Financial Regulatory Forum

Obama to target excessive financial risk-taking

By Alister Bull and Karey Wutkowski

WASHINGTON, Jan 20 (Reuters) – President Barack Obama, reeling from an election defeat in the U.S. Senate, will propose stricter limits on financial risk-taking on Thursday in a move that may recall Depression-era curbs on banks.

The president will announce a series of measures to cut down on excessive risk-taking as part of a revamp of the country’s financial regulatory system, a senior Obama official said on Wednesday.

The move could also help the White House tap into public rage over Wall Street excess after Obama’s Democratic Party was rebuffed by voters in Massachusetts, who elected Republican Scott Brown to the U.S. senate.

“The proposal will include size and complexity limits specifically on proprietary trading and the White House will work closely with the House and Senate to work this into legislation,” the official said.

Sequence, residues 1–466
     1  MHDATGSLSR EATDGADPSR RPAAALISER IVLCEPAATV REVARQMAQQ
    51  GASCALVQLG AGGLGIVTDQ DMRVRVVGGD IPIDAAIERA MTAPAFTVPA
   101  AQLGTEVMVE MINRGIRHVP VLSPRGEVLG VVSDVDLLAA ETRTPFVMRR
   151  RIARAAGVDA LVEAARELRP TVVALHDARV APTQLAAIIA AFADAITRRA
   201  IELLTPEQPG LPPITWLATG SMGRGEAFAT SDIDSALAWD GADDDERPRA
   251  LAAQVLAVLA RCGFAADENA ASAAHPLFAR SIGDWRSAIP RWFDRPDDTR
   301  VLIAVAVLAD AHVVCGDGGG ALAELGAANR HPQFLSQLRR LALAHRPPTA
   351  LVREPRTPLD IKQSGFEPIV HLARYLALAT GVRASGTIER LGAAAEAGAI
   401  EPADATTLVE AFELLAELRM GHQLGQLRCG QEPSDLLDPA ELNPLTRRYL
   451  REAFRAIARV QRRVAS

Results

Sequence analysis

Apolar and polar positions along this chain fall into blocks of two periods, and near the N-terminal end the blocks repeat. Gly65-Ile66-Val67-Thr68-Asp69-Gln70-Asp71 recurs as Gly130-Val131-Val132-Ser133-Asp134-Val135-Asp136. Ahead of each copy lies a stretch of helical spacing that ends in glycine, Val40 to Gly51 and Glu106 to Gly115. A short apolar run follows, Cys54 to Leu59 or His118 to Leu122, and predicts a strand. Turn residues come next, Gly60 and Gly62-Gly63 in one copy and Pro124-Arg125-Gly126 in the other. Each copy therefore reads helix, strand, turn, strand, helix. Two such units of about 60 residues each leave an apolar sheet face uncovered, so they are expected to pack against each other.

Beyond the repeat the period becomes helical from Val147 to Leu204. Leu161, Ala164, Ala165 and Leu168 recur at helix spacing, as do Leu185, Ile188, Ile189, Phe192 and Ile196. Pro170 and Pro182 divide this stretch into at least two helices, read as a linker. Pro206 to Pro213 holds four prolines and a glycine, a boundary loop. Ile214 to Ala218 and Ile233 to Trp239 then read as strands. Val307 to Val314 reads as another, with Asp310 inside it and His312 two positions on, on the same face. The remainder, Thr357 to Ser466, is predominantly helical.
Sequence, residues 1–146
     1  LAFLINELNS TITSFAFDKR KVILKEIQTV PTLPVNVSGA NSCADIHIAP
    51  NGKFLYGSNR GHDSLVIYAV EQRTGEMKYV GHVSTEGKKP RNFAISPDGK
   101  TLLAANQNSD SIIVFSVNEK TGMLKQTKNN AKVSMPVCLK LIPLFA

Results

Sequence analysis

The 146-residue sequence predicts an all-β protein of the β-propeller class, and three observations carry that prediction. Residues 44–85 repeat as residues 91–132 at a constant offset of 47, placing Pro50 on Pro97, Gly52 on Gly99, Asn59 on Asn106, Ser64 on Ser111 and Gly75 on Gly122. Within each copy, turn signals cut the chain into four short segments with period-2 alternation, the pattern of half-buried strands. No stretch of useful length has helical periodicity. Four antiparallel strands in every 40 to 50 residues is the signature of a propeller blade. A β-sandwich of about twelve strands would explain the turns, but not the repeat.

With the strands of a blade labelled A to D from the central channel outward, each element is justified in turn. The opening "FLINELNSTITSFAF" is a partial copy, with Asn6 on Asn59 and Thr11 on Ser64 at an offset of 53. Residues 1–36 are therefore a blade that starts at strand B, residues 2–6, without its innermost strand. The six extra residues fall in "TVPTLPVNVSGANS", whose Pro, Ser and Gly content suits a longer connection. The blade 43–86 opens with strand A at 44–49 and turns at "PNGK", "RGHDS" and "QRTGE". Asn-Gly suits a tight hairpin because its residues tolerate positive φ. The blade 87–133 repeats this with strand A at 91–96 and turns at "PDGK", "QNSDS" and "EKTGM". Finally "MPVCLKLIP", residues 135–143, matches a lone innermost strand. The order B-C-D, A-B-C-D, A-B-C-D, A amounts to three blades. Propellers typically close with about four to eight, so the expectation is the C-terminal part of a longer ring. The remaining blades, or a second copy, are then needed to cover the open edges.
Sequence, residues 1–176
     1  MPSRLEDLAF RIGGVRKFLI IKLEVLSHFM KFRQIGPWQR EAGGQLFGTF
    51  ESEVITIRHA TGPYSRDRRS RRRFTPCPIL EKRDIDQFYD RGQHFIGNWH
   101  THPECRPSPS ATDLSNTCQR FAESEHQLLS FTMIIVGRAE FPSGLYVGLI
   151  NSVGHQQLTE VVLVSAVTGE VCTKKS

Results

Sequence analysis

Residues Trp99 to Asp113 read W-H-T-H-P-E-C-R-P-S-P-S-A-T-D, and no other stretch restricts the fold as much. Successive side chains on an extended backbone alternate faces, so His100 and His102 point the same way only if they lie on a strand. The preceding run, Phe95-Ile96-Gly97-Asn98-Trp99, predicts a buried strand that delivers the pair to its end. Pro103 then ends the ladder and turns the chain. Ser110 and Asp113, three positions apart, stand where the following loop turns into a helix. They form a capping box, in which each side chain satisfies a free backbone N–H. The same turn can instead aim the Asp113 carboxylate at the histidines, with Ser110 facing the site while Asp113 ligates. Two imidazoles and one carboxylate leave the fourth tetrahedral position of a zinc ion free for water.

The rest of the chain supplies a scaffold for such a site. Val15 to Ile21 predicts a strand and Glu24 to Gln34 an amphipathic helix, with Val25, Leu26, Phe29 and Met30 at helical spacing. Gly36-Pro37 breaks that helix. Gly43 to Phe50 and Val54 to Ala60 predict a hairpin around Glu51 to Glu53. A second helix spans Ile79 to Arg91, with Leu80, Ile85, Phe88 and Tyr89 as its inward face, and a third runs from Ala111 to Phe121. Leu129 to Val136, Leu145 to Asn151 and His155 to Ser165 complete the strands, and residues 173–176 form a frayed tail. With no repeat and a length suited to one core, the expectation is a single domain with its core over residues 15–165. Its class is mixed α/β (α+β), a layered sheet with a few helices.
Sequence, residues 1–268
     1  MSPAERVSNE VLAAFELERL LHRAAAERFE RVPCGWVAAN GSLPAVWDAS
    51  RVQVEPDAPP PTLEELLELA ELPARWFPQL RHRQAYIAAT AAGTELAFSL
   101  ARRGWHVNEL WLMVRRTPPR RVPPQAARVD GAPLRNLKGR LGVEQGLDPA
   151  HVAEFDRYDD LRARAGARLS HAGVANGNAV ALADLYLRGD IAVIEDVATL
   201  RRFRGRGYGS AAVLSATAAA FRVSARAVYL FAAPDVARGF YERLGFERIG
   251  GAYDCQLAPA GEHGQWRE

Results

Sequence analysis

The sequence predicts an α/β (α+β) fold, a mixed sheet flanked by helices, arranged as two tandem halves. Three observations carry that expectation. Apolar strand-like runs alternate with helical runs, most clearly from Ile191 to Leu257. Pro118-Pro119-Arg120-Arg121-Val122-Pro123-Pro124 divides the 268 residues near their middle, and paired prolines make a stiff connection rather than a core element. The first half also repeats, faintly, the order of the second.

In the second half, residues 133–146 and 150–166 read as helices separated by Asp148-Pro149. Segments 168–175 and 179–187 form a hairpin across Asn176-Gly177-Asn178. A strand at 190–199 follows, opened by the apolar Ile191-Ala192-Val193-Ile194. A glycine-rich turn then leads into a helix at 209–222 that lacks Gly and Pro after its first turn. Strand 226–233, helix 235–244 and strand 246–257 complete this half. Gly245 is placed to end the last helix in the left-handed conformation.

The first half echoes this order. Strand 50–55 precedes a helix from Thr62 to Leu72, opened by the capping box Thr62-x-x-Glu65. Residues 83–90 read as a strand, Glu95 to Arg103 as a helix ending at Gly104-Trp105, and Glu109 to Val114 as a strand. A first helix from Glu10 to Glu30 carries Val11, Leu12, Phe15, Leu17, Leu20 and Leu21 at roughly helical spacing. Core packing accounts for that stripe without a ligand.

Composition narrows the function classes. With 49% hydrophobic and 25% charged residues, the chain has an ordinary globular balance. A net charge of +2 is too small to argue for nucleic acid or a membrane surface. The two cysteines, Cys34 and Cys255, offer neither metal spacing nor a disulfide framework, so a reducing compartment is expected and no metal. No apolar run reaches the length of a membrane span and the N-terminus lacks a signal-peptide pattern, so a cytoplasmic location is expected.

Proprietary trading refers to a firm making bets on financial markets with its own money, rather than executing a trade for a client.

Swiss central banker backs universal bank model – paper

Jan 16 (Reuters) – Switzerland’s two big banks — UBS and Credit Suisse — should not be forced to split their wealth management and commercial banking operations into separate entities, the new head of the country’s central bank said on Saturday.

Philipp Hildebrand, who took over as chairman of the Swiss National Bank at the start of the month, said the universal banking model provided useful synergies for Swiss banks.

Hildebrand has said repeatedly that major Swiss banks need tighter regulation to deal with the “too big to fail” problem.

U.S. Fed’s Hoenig backs bank break-ups where needed

By Mark Felsenthal

ATLANTA, Jan 5 (Reuters) – A top U.S. Federal Reserve official on Tuesday backed stripping banks of risky operations, suggesting growing support for breaking up large firms to prevent excesses that could undermine financial stability.

At a meeting of top economists here, Kansas City Federal Reserve Bank President Thomas Hoenig voiced support for former Fed Chairman Paul Volcker’s recommendation that banks not be allowed to sponsor hedge or equity funds.

However, also like Volcker, Hoenig stopped short of calling for restoration of Glass-Steagall banking laws that barred large banks from affiliating with securities firms and engaging in the insurance business.

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